Album review: Kelis, "Flesh Tone"
By Sean Fennessey
In R&B's fanatical inner circles Kelis is quietly celebrated as a forgotten innovator. Consider Beyoncé's tenacity, Ciara's hushed moan and Rihanna's hair, among other guideposts. Kelis, it's often said, was there first. So "Flesh Tone," her spry fifth album, comes as a surprise, mostly because it's hardly doing anything visionary. Which is not to say it isn't state of the art.
But Kelis has chosen a strange time to stop innovating. These have been tumultuous times for her: A label change, childbirth and divorce (from the rapper Nas) have swept through her life in the past few years. With them comes a full-blown shift from slinky, insinuating R&B to the heaving pop-dance hybrid that has overwhelmed commercial radio of late. It's all terribly au courant, as she enlists the house-music heavyweight and R&B interloper David Guetta for the stunning "Acapella." The song is a canny and enveloping dedication to her newborn son masquerading as a lover's anthem, a rare familial ode swathed in synth pads and filtered drums. Better still is Guetta's other contribution, "Scream," a paranoid, pinging cry for freedom.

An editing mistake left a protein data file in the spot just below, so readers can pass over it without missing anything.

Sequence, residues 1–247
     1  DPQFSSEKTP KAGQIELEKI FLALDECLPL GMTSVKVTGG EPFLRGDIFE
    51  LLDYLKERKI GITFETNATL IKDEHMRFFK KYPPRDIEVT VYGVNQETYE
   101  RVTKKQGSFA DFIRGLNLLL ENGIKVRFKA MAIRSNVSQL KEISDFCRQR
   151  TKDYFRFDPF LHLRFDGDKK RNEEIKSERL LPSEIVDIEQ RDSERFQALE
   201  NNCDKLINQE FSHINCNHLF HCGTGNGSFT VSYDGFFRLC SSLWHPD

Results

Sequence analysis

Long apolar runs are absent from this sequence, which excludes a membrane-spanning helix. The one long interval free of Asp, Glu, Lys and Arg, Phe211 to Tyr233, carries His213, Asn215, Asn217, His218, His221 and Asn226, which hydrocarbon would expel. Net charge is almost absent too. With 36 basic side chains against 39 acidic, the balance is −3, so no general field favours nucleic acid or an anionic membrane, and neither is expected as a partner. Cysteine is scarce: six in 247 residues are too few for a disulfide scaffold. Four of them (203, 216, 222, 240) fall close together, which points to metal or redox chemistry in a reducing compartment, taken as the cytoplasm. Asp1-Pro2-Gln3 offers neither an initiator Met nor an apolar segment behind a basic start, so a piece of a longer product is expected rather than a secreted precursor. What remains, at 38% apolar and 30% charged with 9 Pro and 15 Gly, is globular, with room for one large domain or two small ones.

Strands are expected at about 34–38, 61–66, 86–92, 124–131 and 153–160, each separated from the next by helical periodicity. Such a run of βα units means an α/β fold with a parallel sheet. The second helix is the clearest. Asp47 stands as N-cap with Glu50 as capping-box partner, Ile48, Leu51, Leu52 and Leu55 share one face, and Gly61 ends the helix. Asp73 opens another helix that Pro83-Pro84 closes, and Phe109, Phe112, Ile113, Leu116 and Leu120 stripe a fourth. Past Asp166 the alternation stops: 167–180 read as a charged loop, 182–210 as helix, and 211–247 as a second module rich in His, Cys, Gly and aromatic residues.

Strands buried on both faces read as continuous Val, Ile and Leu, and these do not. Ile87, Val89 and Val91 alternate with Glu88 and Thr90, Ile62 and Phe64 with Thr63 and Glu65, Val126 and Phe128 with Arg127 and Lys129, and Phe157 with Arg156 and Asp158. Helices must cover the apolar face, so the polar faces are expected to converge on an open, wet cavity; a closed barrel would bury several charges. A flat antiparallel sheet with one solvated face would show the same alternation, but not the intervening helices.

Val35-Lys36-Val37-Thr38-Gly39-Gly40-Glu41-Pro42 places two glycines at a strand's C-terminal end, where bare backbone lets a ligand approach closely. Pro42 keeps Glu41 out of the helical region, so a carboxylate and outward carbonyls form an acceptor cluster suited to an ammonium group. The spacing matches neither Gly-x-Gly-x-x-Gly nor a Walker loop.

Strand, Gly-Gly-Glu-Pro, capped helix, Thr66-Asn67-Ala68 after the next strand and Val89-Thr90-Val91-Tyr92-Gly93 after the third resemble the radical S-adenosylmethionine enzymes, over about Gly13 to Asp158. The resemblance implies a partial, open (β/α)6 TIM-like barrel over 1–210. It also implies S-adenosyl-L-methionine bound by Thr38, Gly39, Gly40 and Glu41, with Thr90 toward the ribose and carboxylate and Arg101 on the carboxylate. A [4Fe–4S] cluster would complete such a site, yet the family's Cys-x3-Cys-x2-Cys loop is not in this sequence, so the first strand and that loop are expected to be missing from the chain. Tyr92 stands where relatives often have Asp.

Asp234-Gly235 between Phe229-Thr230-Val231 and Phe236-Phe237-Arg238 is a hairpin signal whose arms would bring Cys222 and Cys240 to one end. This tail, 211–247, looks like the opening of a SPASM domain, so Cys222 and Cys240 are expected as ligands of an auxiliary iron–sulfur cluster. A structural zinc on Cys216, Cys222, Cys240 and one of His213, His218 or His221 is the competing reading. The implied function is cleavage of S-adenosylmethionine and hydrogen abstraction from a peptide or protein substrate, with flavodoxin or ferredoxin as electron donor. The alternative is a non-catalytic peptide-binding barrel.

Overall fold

With just nine songs spanning 37 minutes, "Flesh Tone" is a brief but full-figured album, with a pulse that is always quickening, building toward a release that never quite arrives. Few singers are as good at buildup as Kelis, especially as her breathy coo seems to get huskier and more shaded with age. And even if there's a vampiric cynicism to her disco embrace, for once she seems to be arriving with -- and not in anticipation of -- the zeitgeist.
July 6, 2010; 11:00 AM ET
Categories: Quick spins | Tags: Kelis
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